For instance, The Boston Consulting Group report that whilst nearly 100% of employers surveyed state that they have a diversity recruiting programme in place, only 25% of employees believe they have benefitted. Which could mean that the next time they’re in the job market, basic stats will do little to assure them that your company has a vested interest in diversity. Instead, the most compelling proof will be stories from your employees that have benefitted from the programmes you have in place.
Similarly, the propagation of a corporate image, for example, leaves companies in the finance sector unable to differentiate themselves. This means candidates of diverse backgrounds are automatically inclined to believe that they will not fit within the company culture and will not apply.
However, the application of social proof in the way of authentic diversity stories in the workplace is a tool to escape this pitfall and demonstrate what your workplace is like. Watch the video below to see how Santander are ensuring they distinguish themselves within the corporate sector:
Pair Storytelling & Social Proof to Deliver Specificity
Through our analysis of over 25,000 questions focused on diversity inclusion on the PathMotion platform, across the UK, US, and France, we discovered another diverse candidate demand: granular responses are highly sought after.
The (social) proof is in the pudding; candidates want specific answers to specific questions – pertinent to their group. This is where diversity stories in the workplace come in.
Take Nathalie Kantaris Diaz, a Film Studies student, in the video below. For her to be convinced, she wants companies to go beyond showcasing female representation. She wants to see companies that understand the specific issues related to progression, and she wants answers to the issues that plague the realities of being a woman in the workplace – from maternity leave to the gender pay gap:
‘Employee storytelling is really important to us. It’s the only way we can really differentiate ourselves from our competitors.’
These are the words of Emma Britton, Graduate Recruitment Marketing Manager at Citi. In the video below, she explains how Citi is prioritising diverse talent in particular and offering them the opportunity to connect with representative employees to understand the challenges they face when it comes to hiring:
Scaling Social Proof in Practice
Clearly, diversity stories in the workplace are one of the most compelling ways to sell your employer brand. Traditionally delivered by way of video testimonials, companies are limiting the potential they hold. In recognising that social proof exists in real-time, companies can overhaul their approach to diversity recruiting. Seeing is believing – and the delivery of authentic personal stories via first-hand interactions between the diverse workforce and candidates couldn’t be more compelling. Take it from Samuel Akinwumi, a Chemical Engineering student, who describes his experience when walking into a workplace:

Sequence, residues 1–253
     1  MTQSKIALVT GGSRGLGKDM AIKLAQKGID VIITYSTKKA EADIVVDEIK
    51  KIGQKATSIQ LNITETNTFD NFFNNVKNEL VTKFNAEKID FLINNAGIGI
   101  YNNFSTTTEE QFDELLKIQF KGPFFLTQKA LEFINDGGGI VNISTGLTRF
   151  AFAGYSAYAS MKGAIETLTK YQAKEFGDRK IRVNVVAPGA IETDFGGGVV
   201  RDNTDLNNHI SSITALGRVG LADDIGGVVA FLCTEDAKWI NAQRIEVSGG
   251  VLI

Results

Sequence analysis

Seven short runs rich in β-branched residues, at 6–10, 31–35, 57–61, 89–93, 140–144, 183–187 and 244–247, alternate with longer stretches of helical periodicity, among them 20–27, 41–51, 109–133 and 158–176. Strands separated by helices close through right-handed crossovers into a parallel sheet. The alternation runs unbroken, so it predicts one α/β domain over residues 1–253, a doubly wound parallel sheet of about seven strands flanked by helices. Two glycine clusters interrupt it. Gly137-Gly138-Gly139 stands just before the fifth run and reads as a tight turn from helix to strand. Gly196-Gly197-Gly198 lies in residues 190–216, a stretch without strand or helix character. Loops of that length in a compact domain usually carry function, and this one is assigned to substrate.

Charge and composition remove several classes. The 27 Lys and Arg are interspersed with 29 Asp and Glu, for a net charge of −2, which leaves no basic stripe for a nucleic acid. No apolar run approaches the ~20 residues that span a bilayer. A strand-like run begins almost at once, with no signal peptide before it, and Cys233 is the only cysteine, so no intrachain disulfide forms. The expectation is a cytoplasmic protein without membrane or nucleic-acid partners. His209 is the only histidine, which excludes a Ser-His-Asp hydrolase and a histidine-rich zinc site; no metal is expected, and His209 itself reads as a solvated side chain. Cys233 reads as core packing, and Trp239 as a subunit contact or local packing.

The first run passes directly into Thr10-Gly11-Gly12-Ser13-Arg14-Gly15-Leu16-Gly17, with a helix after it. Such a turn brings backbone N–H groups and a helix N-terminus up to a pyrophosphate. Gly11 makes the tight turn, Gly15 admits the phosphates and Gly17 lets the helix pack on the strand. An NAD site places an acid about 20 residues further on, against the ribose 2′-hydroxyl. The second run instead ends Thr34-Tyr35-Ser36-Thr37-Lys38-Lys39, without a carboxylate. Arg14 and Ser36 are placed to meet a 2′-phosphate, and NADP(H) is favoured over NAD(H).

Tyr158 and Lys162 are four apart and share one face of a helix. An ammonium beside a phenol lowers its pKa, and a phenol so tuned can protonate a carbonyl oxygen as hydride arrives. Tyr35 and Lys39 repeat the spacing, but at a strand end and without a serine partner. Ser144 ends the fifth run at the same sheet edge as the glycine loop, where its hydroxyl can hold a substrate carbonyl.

But the dissemination of employee stories in the workplace needn’t stop at the level of in-person visibility. The existing advocacy programmes you already have in place are scalable; online discussions that connect diverse candidates to your diverse workforce in real-time, all the time, provide an accessible and prolific source of social proof.
Evidently, producing and sharing a plethora of social proof through social networks will help build a foundation for limitless word-of-mouth advocacy.
Social proof generates the social capital your company needs to differentiate itself. It is the tool in your recruiting arsenal. Ultimately, granular content in the form of stories is the silver bullet in the quest for the ultimate social proof practice.
Of course, the burden of social proof lies firmly with the employer. With many companies failing to invest in collecting it, there’s a golden opportunity for you to get ahead of the competition and acquire diverse talent.
But where do you start?
Our eBook – Diversity Recruiting: What’s on Candidates’ Minds? – outlines how your organisation can supercharge its social proof. In it, we provide three concrete ways to develop your existing social proof that combines its inherent psychological persuasion with authentic diversity stories.
If we’ve played our cards right, the social proof littered across this article should have succeeded in directing you to our eBook. If not, you can download it below. Just select the version you need.
Learn more about how PathMotion facilitates the creation of scalable social proof:
We are a white-labelled discussion platform that enables candidates to directly connect with employees to answer specific questions in real-time, all the time. Our software facilitates:
- ‘Always-on’ group questions and answers.
- Live chats.
And most importantly, we can scale your employee advocacy through seamless integration with other key touchpoints such as the career’s site and Facebook.
We’ve helped companies like Citi and Deloitte, as well as public bodies like the National Health Service, to increase their qualified applications by over 200% and improve the acceptance rate of 65% of their hires. 1 – Forbes, 20 Online Reputation Statistics That Every Business Owner Needs To Know, 2017